Early voting takes important next step

The News-Times - - OPINION -

The is­sue: Con­necti­cut doesn’t make voting easy. It’s one of only 12 states that doesn’t al­low early voting at the polls and in fact it’s prohibited by the state con­sti­tu­tion. Early voting has be­come an op­tion for in­creas­ing num­bers of peo­ple na­tion­wide, and last year some 40 mil­lion Amer­i­cans in 38 states and the District of Columbia cast their votes in ad­vance of Elec­tion Day.

Chang­ing the state con­sti­tu­tion is not as easy as pass­ing a law, as it requires a three-fourths su­per­ma­jor­ity in both cham­bers of the state Leg­is­la­ture as well as ap­proval in a statewide ref­er­en­dum. But it’s also hardly un­prece­dented, as vot­ers just last year approved a con­sti­tu­tional change en­abling the cre­ation of a “lock­box” for trans­porta­tion-re­lated fund­ing.

In 2014, early voting made it as far as the statewide bal­lot but was de­feated in part be­cause, or­ga­niz­ers said, the lan­guage in the bill was un­clear.

What we said: “By no means does this state make voting as easy as it could be. Ex­pand­ing the fran­chise should be a pri­or­ity for the com­ing leg­isla­tive ses­sion.

“That means considerin­g se­ri­ously options like

early voting; so-called ‘no-ex­cuse ab­sen­tee bal­lots,’ al­low­ing any reg­is­tered voter to re­quest an ab­sen­tee bal­lot with­out re­quir­ing a rea­son; vote-by mail; and au­to­matic voter reg­is­tra­tion. Con­necti­cut has taken steps in the di­rec­tion of mak­ing voting eas­ier, but there is plenty of work to be done.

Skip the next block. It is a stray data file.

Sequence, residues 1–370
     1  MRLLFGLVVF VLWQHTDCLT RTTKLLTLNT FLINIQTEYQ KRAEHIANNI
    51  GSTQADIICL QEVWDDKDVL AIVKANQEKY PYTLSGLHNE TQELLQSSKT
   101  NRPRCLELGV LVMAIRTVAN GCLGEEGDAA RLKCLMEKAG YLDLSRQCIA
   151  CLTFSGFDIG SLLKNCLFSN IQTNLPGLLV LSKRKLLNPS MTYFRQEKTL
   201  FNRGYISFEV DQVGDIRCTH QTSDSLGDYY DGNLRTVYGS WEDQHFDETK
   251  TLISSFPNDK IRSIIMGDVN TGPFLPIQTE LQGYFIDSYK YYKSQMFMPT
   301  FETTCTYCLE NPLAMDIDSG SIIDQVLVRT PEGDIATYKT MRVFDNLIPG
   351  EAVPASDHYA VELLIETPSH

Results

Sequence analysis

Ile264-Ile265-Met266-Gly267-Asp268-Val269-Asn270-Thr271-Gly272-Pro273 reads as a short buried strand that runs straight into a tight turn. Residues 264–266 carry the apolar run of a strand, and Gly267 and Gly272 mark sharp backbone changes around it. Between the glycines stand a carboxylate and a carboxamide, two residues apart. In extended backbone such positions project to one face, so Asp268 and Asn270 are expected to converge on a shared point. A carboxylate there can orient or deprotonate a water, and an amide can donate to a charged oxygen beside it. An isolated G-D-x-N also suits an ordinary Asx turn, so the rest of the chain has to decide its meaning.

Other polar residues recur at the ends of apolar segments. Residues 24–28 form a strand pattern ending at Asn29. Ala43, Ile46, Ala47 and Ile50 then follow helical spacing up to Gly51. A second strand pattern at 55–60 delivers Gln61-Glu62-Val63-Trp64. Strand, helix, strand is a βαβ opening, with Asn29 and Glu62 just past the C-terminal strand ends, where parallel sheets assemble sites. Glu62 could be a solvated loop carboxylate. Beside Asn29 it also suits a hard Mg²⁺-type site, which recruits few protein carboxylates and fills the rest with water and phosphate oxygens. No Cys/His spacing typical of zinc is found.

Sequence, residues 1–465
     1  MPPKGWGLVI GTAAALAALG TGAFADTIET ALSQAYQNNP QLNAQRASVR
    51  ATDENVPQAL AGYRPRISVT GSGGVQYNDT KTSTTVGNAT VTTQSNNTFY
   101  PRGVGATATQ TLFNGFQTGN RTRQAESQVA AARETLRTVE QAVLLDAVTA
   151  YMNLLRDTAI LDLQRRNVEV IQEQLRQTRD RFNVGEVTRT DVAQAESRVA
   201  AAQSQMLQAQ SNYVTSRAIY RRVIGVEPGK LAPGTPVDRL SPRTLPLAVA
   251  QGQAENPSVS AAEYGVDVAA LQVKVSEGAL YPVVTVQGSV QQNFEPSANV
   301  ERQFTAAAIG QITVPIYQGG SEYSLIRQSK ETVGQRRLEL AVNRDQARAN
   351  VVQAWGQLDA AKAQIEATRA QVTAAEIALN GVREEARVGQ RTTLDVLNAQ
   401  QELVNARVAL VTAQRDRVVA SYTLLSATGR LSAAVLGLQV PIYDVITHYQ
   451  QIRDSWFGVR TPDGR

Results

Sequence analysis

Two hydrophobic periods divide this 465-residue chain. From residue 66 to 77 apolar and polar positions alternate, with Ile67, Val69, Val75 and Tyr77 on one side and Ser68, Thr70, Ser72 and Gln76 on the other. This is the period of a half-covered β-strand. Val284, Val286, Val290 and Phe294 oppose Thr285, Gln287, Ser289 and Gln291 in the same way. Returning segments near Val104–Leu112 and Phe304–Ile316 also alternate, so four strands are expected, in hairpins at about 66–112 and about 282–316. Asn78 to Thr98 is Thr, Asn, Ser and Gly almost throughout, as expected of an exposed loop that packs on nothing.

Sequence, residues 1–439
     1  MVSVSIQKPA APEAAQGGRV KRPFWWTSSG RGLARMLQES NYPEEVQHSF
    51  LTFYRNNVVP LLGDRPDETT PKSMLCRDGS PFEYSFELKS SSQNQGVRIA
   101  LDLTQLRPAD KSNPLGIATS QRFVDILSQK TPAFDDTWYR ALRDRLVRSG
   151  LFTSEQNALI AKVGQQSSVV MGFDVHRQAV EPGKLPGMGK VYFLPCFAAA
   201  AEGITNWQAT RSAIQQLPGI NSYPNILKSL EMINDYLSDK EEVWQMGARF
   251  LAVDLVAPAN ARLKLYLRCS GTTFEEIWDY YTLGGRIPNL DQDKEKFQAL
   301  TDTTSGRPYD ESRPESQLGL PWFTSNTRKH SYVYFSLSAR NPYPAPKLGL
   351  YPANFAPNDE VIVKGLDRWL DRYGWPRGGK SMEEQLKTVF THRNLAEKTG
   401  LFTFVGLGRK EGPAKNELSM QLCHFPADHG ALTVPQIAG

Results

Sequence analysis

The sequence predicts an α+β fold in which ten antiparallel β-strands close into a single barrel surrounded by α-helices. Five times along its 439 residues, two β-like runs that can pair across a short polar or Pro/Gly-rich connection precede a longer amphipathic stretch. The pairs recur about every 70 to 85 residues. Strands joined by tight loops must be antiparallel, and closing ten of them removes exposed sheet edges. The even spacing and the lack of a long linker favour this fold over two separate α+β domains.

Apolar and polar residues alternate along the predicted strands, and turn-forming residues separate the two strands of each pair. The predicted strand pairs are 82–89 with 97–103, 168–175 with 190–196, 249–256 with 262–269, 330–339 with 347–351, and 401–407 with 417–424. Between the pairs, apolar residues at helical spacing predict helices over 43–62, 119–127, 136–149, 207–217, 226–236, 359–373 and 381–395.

“Voting, af­ter all, is as fun­da­men­tal a right as ex­ists in this na­tion. All opportunit­ies to ex­pand the pool of vot­ers should be se­ri­ously con­sid­ered so ev­ery­one is rep­re­sented.”

Ed­i­to­rial, Dec. 26, 2018 What hap­pened: The pro­posal to bring early voting to Con­necti­cut re­ceived a su­per­ma­jor­ity vote of 125-24 in the Con­necti­cut House of Rep­re­sen­ta­tives this week. That ex­ceeds the 75-per­cent su­per­ma­jor­ity thresh­old of 114 votes nec­es­sary for a con­sti­tu­tional amend­ment, and in­cluded 35 of the 59 Re­pub­li­cans in at­ten­dance.

In ad­di­tion to clear­ing the way to early voting, the pro­posed change would widen the use of ab­sen­tee bal­lots, which is an­other change that has taken hold across the na­tion. Cur­rently, vot­ers need to prove they can­not cast in-per­son bal­lots on Elec­tion Day ei­ther be­cause they are phys­i­cally un­able or would be out of town. Open­ing the use of ab­sen­tee bal­lots means more peo­ple would be able to vote, widen­ing state turnout that reached about 66 per­cent last year.

What’s next: The pro­posal now heads to the state Se­nate. If it can clear the 75-per­cent thresh­old in that cham­ber, the ques­tion would be put on the 2020 bal­lot for rat­i­fi­ca­tion by vot­ers. If the Se­nate does not clear that bar, the soon­est that early voting could go on the state bal­lot would be 2022.

The Se­nate needs to fol­low the House’s lead. There’s no rea­son Con­necti­cut should be be­hind the times on voting rights, and the state should do what­ever it can to bring more peo­ple into the process. The state must also en­sure proper safe­guards are in place, but there is sim­ply no rea­son to lag be­hind the rest of the na­tion in this vi­tal area.

There’s no rea­son Con­necti­cut should be be­hind the times on voting rights, and the state should do what­ever it can to bring more peo­ple into the process.

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